When I first received my Windows mobile� phone 2 years ago (the Motorola q), the learning curve to the device was none to 0. You have a start menu in both cases. While on a desktop you mainly use your tab and shift tab keys, In Windows mobile you mainly use your arrows and soft keys to get around your device. On a pocket PC, your touch screen is layed out in 4 zones – and this can be confusing and I imagine a bigger adoptation versus using a smartphone.
This is why for the purposes of these series of reviews, we will only look at Windows mobile 6.1 standard devices. If you have a pocket PC, know your zones – and memorize well.
But in both cases you will need to memorize. With a smartphone, memorize your soft key arrangements – that way you don’t have to wait for their announcements or if sighted, look at the bottom of your screen above them to know what they are. You will also have a curve with memorizing your start menu – you can’t use first letter navigation in WM standard devices. If your Windows Mobile� device has a keyboard, you can, however, simply press a letter to get to that start menu item. Again, slight differences.
You can also install programs on a Windows mobile device, much as you would on a laptop. The same programs on your desktop can’t install, however -you need software for PDAs specifically.
The messaging application allows you to send text and MMS messages, or set up e-mail accounts. It is simply and clear to navigate. To make account switching easier, you can hit the left and right arrow keys on your device.
With Windows mobile 6.1, you have the introduction of threaded messaging – where multiple messages are grouped into conversations. This is a new feature and for some, can be efficient when viewing large groups of messages – it is all threaded into one html type document. Some devices allow you to turn this feature off, while others don’t. If you are using the Mobile Speak Smartphone screen reader, you can go into your control panel>general settings to turn threaded messaging off. Restart the messaging app after you have finished.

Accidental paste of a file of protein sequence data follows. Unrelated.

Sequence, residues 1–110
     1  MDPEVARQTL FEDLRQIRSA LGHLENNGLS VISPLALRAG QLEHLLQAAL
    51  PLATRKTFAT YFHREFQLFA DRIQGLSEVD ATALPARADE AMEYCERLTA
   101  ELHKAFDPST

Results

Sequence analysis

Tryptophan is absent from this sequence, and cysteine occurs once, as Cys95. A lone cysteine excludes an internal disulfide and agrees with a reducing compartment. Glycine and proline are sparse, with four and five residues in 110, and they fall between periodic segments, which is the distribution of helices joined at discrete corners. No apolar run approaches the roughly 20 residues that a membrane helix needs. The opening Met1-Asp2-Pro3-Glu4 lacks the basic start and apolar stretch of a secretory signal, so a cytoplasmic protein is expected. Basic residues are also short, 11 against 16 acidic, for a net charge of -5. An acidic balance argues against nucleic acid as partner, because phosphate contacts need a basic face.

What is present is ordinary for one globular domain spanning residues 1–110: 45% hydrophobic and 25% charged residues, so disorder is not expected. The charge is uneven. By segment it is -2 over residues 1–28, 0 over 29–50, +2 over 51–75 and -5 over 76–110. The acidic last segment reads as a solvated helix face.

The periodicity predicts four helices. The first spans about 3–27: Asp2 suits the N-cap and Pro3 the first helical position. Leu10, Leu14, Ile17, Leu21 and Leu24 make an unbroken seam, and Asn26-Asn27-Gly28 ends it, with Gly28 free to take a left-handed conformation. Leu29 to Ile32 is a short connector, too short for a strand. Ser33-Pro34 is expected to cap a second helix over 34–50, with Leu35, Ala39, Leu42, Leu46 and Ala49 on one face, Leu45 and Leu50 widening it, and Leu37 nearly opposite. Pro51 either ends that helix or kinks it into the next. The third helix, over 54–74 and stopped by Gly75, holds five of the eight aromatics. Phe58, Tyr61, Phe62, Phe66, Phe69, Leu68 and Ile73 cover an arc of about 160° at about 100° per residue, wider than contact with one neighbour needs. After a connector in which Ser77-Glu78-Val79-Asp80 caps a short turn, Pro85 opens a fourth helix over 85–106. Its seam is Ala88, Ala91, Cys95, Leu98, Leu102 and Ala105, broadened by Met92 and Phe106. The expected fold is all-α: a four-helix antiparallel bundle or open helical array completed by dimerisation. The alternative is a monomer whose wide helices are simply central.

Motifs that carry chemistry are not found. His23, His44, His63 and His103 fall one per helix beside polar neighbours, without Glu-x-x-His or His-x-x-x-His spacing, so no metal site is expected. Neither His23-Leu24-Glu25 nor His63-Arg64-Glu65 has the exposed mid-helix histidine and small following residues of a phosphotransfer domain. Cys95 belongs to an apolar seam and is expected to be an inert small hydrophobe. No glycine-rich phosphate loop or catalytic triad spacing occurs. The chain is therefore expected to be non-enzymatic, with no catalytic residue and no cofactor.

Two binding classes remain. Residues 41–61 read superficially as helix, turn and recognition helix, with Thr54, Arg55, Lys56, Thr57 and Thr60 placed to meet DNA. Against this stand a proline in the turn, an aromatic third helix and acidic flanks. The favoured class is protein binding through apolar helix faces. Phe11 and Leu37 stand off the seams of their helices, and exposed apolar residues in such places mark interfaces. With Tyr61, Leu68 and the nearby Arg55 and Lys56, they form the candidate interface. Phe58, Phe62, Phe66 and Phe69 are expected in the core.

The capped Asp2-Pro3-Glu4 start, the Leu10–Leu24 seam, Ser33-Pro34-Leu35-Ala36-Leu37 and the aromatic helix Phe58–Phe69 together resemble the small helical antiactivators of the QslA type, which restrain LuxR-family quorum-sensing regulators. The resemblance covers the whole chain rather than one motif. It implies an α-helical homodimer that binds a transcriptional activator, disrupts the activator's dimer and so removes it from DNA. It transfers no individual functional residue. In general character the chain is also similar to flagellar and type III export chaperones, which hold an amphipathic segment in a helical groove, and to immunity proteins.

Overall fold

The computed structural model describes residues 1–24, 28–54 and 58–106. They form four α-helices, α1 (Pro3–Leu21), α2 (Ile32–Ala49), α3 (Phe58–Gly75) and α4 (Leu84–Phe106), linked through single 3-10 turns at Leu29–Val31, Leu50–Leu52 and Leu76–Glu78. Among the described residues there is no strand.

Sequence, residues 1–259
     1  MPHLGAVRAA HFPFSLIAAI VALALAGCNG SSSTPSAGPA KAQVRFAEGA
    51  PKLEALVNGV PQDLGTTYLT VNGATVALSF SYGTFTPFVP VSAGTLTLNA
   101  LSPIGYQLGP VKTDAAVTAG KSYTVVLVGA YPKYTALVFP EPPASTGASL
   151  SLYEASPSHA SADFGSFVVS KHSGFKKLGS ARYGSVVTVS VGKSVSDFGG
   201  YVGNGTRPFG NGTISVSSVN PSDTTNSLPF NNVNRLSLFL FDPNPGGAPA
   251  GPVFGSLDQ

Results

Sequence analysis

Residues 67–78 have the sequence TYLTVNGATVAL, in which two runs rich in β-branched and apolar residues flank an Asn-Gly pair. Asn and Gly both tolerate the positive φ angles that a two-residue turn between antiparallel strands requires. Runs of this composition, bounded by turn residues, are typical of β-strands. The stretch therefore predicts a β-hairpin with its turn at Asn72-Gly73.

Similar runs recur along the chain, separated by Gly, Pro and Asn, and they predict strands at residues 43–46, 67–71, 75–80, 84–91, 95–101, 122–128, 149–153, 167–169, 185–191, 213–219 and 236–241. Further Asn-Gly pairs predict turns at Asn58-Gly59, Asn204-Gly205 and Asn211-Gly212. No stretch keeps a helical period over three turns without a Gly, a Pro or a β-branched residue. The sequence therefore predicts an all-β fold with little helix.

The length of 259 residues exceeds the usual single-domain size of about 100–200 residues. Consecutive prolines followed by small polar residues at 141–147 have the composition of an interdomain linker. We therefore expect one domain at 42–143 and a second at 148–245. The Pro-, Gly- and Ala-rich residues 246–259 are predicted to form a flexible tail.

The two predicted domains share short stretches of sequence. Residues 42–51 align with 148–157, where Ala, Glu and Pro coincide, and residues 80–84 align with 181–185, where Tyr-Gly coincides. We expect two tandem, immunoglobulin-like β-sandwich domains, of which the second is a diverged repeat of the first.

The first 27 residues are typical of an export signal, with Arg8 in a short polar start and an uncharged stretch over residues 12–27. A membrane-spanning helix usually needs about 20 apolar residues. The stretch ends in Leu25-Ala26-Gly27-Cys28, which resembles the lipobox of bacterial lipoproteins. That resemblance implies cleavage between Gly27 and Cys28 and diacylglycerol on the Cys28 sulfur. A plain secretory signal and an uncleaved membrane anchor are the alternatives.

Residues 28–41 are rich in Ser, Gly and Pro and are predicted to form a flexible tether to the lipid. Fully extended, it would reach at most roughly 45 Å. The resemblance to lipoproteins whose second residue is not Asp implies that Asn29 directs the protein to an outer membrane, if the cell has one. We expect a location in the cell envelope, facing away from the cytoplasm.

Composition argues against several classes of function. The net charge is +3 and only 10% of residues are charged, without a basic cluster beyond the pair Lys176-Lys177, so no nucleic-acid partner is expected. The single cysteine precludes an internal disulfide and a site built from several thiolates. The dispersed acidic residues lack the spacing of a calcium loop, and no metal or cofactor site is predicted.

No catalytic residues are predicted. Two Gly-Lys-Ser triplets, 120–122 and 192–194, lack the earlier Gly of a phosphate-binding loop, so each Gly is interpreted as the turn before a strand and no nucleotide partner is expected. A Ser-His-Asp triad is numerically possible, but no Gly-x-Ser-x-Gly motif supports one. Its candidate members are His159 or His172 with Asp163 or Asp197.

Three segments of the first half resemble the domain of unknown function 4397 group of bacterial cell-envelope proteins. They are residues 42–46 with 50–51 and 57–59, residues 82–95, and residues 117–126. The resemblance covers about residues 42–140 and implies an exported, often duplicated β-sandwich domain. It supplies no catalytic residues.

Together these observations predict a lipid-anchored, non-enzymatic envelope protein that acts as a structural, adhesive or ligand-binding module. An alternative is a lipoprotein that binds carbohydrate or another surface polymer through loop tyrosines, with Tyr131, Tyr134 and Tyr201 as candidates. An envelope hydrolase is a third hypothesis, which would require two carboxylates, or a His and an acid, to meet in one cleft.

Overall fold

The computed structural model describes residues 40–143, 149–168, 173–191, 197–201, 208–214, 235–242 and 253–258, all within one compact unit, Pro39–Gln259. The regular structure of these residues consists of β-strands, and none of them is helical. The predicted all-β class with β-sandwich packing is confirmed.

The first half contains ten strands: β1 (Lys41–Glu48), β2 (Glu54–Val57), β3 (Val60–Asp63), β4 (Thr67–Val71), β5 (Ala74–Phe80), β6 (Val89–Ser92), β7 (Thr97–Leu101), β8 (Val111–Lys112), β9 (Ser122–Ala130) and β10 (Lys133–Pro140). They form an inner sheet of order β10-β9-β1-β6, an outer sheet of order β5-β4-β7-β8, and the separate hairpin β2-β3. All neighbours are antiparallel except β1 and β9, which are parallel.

Pocket Internet explorer:
Perhaps one nice feature of Windows mobile is Internet explorer. While Mobile Speak screen readers don’t yet support quick key navigation, the browser functions fairly well with webpages. Some sighted users have described it as ancient – and I don’t blame them for this. With Windows mobile 6.1, you have options to enroll your device in a domain – and this I’d imagine will be useful for more professional users. Internet explorer retains it’s version and usage as it did in Windows mobile 6 – no updates.
On a Windows mobile powered device, your today screen is like your desktop. It displays appointments, unread messages, the time and service carrier if using a phone, and owner info /tasks with a pocket pc. Starting with version 6.1, a new layout of today screens is available – called sliding panel. Only on smartphones, however. This today screen layout is not yet accessible with screen readers – and for the sighted, it allows easier navigation.
Overall, Windows mobile is a nice operating system. I don’t think the learning curve will be large for many – it is very similar to the regular Windows offered on PCs today. With version 6.1, a few enhancements are added – but no major functionality. This is a disappointment, as we have not seen a Windows mobile release since 2007 – version 6. Not much progress in a year, I guess.